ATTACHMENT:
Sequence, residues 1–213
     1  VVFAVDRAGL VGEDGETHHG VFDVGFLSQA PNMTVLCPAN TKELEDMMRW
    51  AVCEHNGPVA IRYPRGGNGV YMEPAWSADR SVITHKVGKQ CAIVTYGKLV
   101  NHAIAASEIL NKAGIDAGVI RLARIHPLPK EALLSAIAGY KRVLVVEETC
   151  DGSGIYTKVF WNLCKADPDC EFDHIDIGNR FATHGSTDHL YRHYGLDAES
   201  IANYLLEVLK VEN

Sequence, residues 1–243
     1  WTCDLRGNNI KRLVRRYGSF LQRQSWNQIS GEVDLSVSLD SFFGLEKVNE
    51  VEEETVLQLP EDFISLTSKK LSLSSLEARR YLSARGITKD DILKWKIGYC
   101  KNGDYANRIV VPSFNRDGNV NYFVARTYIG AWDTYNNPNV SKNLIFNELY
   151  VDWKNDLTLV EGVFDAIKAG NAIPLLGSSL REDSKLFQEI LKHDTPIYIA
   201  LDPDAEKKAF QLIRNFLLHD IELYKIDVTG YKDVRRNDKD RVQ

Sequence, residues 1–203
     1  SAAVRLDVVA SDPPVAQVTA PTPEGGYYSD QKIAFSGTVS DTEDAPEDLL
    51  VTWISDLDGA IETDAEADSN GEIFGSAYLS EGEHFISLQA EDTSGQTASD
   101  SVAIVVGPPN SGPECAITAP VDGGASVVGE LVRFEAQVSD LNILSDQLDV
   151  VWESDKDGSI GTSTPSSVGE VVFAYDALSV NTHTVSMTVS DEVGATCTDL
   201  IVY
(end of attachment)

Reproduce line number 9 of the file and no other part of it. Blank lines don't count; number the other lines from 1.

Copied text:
    51  VEEETVLQLP EDFISLTSKK LSLSSLEARR YLSARGITKD DILKWKIGYC